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[Above: James Theodore Holly from an 1897 report on his work in Haiti. Public domain]

JAMES THEODORE HOLLY was born in 1829, the son of African-American parents. They sent him to school and also taught him shoemaking. When he neared twenty, he became acquainted with many leading abolitionists and worked to end slavery. 

Raised a Roman Catholic, he became dissatisfied with his church, in part because they offered him no prospect of the priesthood. He joined the Protestant Episcopal Church in Detroit, Michigan, and was immediately accepted as a candidate for holy orders. Ordained a deacon in 1855, he became a priest the following year.

Meanwhile Holly continued work on abolition, assisting the editor of Voice of the Fugitive. He also endorsed the Refugee Home Society and organized the Amherstburg Convention of free blacks in Canada. Afterward he served a parish in Connecticut.

Thrilled by the fact that Haiti’s black population had thrown off colonial oppressors, Holly wrote, “[I]t will be seen that whatsoever is to be the future destiny of the descendants of Africa, Hayti certainly holds the most important relation to that destiny. . . . Preserve the name, the fame, and the sovereign existence of Hayti, though every thing else shall perish.”

In 1861 he led 110 emigrants to Haiti, but more than one third died of yellow fever and other diseases. The deaths included his wife, his mother, and two of his children. This did not diminish his ardor for Haiti. He sought federal assistance for emigration to the island country but did not get it. He tried to convince the Episcopal Church to take up the Haiti mission cause, but not until 1865 was he successful in persuading its mission board. 

Eventually on this day, 8 November 1874, Protestant Episcopal Church leaders ordained Holly as the first bishop of Haiti at Grace Church, New York City. This made him the first African American raised to the office of missionary bishop in the Episcopal Church. He served in that capacity until his death in Port-au-Prince in 1911.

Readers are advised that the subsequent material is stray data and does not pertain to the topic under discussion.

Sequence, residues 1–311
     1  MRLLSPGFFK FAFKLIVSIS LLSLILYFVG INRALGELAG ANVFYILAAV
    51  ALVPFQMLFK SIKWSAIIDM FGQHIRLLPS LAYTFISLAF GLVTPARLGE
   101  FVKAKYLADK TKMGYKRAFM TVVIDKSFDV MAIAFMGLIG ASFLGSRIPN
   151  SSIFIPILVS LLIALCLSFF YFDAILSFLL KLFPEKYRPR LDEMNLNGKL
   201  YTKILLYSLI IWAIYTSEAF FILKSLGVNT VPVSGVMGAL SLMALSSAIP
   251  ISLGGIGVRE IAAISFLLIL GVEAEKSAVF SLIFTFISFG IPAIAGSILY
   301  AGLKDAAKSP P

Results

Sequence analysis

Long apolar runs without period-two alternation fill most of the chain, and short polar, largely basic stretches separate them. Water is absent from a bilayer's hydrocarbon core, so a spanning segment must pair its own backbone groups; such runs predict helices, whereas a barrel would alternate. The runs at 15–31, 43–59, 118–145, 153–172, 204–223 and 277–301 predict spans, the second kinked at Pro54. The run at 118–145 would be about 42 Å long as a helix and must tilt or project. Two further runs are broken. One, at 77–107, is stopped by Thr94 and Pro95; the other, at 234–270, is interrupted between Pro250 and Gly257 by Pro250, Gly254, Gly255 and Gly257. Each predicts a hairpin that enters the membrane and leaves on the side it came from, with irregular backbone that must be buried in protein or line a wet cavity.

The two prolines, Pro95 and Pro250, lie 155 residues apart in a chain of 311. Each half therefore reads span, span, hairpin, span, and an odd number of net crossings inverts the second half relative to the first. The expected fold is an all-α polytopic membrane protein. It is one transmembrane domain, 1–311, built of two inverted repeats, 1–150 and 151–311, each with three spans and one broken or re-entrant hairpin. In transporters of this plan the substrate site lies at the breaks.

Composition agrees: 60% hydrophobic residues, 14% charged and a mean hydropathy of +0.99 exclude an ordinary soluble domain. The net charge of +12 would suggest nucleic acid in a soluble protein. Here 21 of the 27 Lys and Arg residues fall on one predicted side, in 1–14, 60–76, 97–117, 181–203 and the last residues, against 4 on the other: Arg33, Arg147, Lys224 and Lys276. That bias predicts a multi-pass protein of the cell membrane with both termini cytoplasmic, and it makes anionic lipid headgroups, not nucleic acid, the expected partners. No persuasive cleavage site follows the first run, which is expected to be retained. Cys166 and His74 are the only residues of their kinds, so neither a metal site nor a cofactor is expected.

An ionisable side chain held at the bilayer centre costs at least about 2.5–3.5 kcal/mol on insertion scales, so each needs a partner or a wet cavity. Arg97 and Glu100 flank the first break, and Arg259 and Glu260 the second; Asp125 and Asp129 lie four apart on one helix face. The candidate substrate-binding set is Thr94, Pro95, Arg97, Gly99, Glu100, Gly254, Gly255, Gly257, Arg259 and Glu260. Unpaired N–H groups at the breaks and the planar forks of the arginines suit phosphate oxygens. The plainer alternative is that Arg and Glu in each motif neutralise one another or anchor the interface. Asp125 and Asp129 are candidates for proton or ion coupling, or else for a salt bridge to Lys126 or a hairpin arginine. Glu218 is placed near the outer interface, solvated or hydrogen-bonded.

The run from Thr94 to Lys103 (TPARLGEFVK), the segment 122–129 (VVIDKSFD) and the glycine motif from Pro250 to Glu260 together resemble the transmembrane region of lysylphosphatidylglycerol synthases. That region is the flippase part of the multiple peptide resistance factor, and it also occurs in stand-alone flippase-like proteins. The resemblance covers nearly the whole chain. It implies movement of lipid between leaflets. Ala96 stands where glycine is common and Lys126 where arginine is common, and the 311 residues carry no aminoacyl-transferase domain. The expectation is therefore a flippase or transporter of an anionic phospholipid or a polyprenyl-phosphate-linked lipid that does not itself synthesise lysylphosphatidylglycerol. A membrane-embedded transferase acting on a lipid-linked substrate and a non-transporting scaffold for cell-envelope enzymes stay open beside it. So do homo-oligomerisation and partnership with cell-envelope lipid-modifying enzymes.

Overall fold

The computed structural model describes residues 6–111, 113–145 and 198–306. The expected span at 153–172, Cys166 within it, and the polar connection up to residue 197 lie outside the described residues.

By then the Episcopal Church in Haiti had grown to over 2,000 members in fifteen parishes, with fifteen national clergy, and seven missions. Believing that Christ by taking a body had shown that people’s bodies as well as their souls needed care, Holly established social services such as schools, medical clinics, and a mutual fund society. His work won the respect of the Haitian people who have continued to honor his memory, including with a centenary celebration.

Holly published numerous articles and was knowledgeable in many fields, including languages. Much of his learning was acquired by personal study outside of schools. In 1878 Bishop Holly was a delegate to the Anglican Church’s Lambeth conference in England. He was also active in international diplomacy.

Dan Graves

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For more on African-American experience, read Christian History #62, Bound for Canaan

For more on Christianity in the southern hemisphere, read Christian History #130, Latin American Christianity: Colorful, complex, conflicted

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